A Seinfeld remix collects the show’s moments of true nothingness

A Seinfeld remix collects the show’s moments of true nothingness

“The show about nothing” is halfway to a Zen koan as it is, but LJ Frezza’s masterful Seinfeld remix, Nothing, really captures the existential unease lurking beneath the surface of the popular ’90s sitcom. The concept is simple—Frezza describes the video as “scenes from Seinfeld (1989–98) where nothing happens. A supercut of empty shots. A New York without people.” But the execution takes what could be an exercise in tedium and raises it to the level of art.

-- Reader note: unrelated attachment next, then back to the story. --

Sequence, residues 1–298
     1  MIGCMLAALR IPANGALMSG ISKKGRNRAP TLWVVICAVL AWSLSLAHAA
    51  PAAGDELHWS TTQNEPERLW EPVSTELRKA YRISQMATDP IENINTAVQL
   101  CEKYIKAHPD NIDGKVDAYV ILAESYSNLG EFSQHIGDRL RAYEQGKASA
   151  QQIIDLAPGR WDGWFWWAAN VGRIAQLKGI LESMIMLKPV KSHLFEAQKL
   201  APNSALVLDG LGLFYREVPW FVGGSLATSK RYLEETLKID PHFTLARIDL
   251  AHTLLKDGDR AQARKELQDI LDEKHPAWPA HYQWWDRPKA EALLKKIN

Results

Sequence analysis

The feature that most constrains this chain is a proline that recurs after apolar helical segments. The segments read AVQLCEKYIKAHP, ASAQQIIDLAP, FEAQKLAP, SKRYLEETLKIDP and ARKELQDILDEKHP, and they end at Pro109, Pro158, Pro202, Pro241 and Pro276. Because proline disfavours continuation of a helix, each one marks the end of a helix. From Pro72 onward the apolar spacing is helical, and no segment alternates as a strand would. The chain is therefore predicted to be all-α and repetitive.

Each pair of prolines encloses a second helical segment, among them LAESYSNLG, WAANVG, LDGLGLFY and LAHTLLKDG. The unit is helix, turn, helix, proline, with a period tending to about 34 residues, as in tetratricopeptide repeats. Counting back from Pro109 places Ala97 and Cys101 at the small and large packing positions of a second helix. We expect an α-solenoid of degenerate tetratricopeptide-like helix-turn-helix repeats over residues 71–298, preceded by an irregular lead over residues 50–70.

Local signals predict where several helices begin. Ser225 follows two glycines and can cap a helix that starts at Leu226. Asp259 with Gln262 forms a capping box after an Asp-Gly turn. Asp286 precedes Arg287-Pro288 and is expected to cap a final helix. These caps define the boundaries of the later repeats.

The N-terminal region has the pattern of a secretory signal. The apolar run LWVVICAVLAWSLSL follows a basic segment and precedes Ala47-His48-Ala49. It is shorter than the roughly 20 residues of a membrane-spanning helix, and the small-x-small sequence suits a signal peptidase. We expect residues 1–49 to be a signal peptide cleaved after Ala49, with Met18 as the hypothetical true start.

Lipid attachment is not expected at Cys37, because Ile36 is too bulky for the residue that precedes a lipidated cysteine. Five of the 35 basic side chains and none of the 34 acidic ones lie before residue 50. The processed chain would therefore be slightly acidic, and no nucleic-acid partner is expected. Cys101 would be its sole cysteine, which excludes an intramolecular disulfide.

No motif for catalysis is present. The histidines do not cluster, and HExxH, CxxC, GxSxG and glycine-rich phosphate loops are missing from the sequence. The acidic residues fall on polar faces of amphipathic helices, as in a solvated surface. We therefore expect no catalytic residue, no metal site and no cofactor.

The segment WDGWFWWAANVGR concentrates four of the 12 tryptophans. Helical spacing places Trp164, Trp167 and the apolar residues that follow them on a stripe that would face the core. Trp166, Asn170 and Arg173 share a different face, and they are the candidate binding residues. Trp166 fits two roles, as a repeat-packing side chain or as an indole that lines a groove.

At first, Nothing is funny. That distinctive Seinfeld slap bass jerks from clip to clip like a free jazz ensemble on PCP. We see Jerry’s apartment, Elaine’s office, Jerry’s apartment again. The laugh track builds, the amusement of ghosts in an empty landscape. Then the music fades. The laughter does too. We are left with empty spaces. Empty parking garages, empty streets, empty office buildings. At first, the occasional siren or nervous titter breaks the silence, but that too fades away.

A clock on the wall elapses from 9 to 5. A hospital bed sits empty. Doors hang open with no one to close them. A phone is off the hook, but it doesn’t matter. There’s no one to call. From nothing we came, and to nothing we must inevitably return. 


Filed Under: TV, Seinfeld

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